The effects of gravity are the same whether you have a ballistic house brick or a pee shooter.
If a large calibre/high energy round ricochets it's generally more dangerous than a small calibre/low energy round. The risk of ricochet though is a different matter.
The Home Office are just playing a numbers game. The less people with high power firearms the less chance of accidents. There's nothing logical or fair about it. As far as I'm concerned if someone is considered safe with a rimmy then they are safe with a CF. f**k all the pre-req's and just introduce a simple safe handling certificate and let everybody that has been vetted and passed the safe handling course have whatever they want.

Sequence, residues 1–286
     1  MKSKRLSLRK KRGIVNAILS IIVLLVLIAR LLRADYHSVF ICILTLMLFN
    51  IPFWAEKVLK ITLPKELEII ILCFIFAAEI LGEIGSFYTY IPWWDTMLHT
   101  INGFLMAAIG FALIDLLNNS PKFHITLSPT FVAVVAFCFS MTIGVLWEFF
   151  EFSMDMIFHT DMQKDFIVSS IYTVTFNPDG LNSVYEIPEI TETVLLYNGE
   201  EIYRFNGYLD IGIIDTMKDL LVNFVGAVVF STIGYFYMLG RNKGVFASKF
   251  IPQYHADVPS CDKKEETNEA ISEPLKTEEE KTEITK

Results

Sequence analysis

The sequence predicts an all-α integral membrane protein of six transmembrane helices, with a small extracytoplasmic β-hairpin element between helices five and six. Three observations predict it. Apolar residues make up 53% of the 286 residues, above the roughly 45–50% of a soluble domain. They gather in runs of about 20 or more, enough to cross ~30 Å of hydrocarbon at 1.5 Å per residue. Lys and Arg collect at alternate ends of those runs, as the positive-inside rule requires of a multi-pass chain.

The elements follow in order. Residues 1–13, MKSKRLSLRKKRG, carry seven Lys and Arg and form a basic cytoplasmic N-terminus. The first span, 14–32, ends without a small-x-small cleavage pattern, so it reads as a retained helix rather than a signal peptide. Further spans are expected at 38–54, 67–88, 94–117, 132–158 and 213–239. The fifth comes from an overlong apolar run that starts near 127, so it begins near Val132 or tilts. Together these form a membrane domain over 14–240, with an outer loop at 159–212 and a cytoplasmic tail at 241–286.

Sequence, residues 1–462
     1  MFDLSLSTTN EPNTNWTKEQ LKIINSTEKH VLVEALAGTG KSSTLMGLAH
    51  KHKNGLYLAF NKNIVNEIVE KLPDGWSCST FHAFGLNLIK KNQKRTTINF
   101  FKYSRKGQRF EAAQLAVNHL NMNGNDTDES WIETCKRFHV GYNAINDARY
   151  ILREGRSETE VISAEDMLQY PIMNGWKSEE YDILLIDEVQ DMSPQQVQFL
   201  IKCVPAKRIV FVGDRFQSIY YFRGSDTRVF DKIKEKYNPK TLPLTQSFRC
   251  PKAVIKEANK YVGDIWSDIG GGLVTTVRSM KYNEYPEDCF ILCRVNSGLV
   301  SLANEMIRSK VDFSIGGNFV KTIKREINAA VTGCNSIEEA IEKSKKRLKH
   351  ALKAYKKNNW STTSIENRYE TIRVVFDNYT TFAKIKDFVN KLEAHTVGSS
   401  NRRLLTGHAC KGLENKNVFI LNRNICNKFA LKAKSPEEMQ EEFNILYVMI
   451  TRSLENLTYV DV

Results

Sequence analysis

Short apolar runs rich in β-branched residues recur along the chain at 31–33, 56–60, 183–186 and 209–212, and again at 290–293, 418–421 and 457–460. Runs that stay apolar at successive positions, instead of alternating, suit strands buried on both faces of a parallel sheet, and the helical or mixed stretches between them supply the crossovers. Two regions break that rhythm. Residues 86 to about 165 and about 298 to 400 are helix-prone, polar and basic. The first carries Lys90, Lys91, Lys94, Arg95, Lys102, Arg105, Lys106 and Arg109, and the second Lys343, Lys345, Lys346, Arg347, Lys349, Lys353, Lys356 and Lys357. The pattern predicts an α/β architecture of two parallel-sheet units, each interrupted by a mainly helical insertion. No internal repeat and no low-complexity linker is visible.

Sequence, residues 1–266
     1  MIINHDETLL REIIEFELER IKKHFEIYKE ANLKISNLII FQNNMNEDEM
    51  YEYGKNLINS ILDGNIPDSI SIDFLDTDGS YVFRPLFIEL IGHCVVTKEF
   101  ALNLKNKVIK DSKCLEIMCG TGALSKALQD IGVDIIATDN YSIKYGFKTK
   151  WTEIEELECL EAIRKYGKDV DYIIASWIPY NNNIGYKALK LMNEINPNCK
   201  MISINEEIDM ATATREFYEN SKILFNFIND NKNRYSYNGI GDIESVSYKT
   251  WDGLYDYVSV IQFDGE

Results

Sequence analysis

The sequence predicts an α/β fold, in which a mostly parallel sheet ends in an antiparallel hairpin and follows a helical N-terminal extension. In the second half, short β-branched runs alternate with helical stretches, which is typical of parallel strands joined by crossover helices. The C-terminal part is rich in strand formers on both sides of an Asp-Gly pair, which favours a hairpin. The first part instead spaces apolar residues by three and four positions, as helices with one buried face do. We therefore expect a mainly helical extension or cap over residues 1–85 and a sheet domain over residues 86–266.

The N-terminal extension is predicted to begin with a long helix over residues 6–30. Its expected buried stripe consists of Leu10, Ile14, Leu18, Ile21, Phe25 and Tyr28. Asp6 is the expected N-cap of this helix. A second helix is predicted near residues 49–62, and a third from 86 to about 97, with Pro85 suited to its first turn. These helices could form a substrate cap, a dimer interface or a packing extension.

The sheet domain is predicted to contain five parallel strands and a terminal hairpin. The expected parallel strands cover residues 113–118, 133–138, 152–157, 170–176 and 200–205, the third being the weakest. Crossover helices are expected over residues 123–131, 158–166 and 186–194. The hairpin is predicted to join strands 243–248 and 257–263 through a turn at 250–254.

Not strictly true. Gravity is a constant, but a heavier round with more drag will drop quicker.
However, the a heavier round is also probably in many instances a fired from a more powerful cartridge and thus whilst it has more drag and so sheds energy faster, it also carriers more velocity and energy to start with and so takes longer to shed that energy and so flies further. That's why a .223 travels further than a .22 LR despite gravity being a constant.
I do agree with many of the comments above and Dekers a couple above that a safe shot is a safe shot, with the one caveat that there's no such thing as absolute safety and make no mistake, anything that richochets, will travel a distance that's an equation of it's velocity, energy, weight and drag.
I equally agree that in many instances the police are being pedantic with land checks for calibre. After all there are very few to no reported accidents from Scotland where land is not approved. Safety comes primarily from the shooter not the calibre but equally there should always be an awareness that if a richocet does arise, a more powerful calibre has the potential to travel further.
Edited by Alsone, 21 June 2015 - 10:37 am.